[17 October 2006]
There was much talk in indie-circles leading up to the release of Emily Haines’s solo debut: raised speculation about the Metric headmistress jumping ship, raised eyebrows about another dance queen emerging from the shadows of her bandmates like Gwen did from the ashes of No Doubt. In fact, the attention stemming from the buzz for the solo release seemed odd and out of whack given Haines’s track record. Her history with the shape-shifting Canadian music phenomenon, Broken Social Scene should have been enough to demonstrate the artist’s appreciation for experimentation beyond Metric. Also, her roots in music beginning with the piano were certainly indicative of other interests and abilities. So while many critics have since spoken about the solo record in ways that suggest tinges of disappointment with a release that’s so polar opposite from Metric’s usual fare, I wonder why on earth they would have expected anything otherwise.
Knives Don’t Have Your Back is a far cry from the dancefloor flavors of Metric’s releases; that much-hyped sexy front woman with the sultry stage moves is not featured here. This is a bare-bones offering of Haines and a piano. The press release describes Knives as “an intimate and subtle collection of mellow, piano-driven tunes complimented by soft string and horn arrangements”. It’s certainly about as far as you can get from a description of any Metric track, but actually the two facets of Haines’ musical personas are not as far removed as that might suggest.
In fact, Knives reads more like a collection of muted footnotes to those Metric tracks that have come before it. Haines herself notes: “These [solo] songs are still the same. They’re the source mood for every Metric tune, but without the benefit of my friends rocking out behind them.” Unlike the trendy breakout attempts of other female band leaders lately, perhaps this record is not what was expected. Without the danceable beat or synth melodies of Metric, perhaps it’s easy to get lost in the simplicity of the hypnotic piano melodies that surround Haines’s voice here. But beyond just being an interesting glimpse into the back alleys of Metric’s repertoire for fans of the band, the album is a revealing and refreshing offering for those who are willing and able to pay attention.
Two full length Metric albums, world tours, and living up to the media’s rock-goddess status: Emily Haines is a busy girl. So busy that Knives features a collection of 11 songs that were written and recorded over the past four years in four different cities. The album release was mainly a natural evolution of Haines’s foremost personal pastime of hanging out with her piano. On the encouragement of friends she decided to give the songs a proper recording before they were forgotten. While there is not a specific moment on Knives that feels out of place, the collective energy of the songs ranging from such extended periods of time and places lends itself well to the themes of transience and displacement felt throughout.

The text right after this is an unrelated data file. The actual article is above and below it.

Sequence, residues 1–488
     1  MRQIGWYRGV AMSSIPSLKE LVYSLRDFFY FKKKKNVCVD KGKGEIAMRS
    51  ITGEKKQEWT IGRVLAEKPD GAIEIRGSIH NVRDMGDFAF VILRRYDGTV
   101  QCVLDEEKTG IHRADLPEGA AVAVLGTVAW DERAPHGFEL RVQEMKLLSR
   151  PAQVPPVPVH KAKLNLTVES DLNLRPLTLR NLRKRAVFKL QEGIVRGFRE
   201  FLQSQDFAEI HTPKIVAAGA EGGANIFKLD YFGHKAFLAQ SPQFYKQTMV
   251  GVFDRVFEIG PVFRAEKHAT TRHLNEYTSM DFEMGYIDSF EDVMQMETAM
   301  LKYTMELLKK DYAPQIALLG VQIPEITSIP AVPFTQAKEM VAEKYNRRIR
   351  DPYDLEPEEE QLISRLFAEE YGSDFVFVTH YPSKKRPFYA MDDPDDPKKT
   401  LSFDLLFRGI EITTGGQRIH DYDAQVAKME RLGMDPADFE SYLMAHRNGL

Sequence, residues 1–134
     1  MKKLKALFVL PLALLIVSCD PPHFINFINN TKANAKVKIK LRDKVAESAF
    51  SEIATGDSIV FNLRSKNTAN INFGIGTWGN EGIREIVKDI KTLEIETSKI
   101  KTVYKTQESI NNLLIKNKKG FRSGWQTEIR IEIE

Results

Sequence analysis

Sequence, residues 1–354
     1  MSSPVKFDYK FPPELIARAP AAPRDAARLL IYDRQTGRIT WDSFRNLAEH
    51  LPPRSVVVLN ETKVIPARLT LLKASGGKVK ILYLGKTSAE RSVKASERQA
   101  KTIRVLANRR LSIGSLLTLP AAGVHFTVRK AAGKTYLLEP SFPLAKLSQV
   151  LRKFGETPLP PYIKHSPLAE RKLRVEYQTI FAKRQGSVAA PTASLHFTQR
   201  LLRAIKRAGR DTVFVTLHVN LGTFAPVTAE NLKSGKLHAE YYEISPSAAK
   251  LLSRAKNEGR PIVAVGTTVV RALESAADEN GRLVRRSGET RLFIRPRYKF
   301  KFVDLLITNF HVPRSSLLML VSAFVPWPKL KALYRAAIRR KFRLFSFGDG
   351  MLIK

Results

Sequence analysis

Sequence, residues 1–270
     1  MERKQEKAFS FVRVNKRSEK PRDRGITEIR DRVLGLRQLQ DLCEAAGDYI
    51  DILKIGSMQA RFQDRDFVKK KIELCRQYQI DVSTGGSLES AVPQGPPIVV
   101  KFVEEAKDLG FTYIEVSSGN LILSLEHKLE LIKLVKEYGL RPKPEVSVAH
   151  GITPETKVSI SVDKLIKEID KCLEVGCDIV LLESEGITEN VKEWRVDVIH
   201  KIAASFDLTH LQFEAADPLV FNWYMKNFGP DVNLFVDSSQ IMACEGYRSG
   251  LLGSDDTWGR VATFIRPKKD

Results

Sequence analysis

The songs mark pivotal points in the artist’s own timeline, covering new levels of success with Metric and the sudden passing of her father, poet Paul Haines. Being privy to these moments in such an unfiltered format provides more backbone for these songs than any backbeat could. The piano simmers in a creeping way, almost passively in and around the verses; the songs seem to envelope themselves. Thoughtful minimalism produces an overall mood that is introspective and intimate without being self-indulgent or uncomfortable. It’s a rare combination, and one that should also be attributed to the backing group on the record, a few of Haines’s self-proclaimed “favorite musicians” that she calls The Soft Skeleton—including Sparklehorse’s Scott Minor, Broken Social Scene’s Justin Peroff, Stars’ Evan Cranley, and Metric’s Jimmy Shaw.
There is melancholy, there is confusion and there is a general loneliness on this record; there is also hope, optimism and comfort. However, it’s the context of the record that makes it more interesting than any one of these things. The confused anxiety felt in “Don’t elaborate like that / You’ll frighten off the frat boys / Use your baby talk” on “Mostly Waving” and frustrated musings on society’s expectations with “All the babies tucked away in their beds, we’re out here screaming / ‘The life that you thought through is gone!’” on “Crowd Surf Off a Cliff” are infinitely more poignant when you consider it’s the voice of a woman who is struggling with the realities of a moderate level of fame and the instability of life on the road.
Haines’s voice stays in the near-whisper range throughout most of the album, but the raspy soprano is still such an extraordinary vehicle for expression even in the slower pace she keeps on this record. She obviously has a way with words, but the juxtaposition of the soft, sweet voice carrying such weighty subject matter is an interesting source of strength behind the role-playing that emerges over the course of the album. The disillusionment of “The Lottery” and disdain of “Doctor Blind” up against the bitter hope of “Our Hell” and the comforting lullaby of the album’s closer, “Winning”—it’s more than the average piano-songstress shtick. With such sparse instrumentation, these songs are still thick; there may not be a beat here to dance to but there is a lot to grab on to certainly.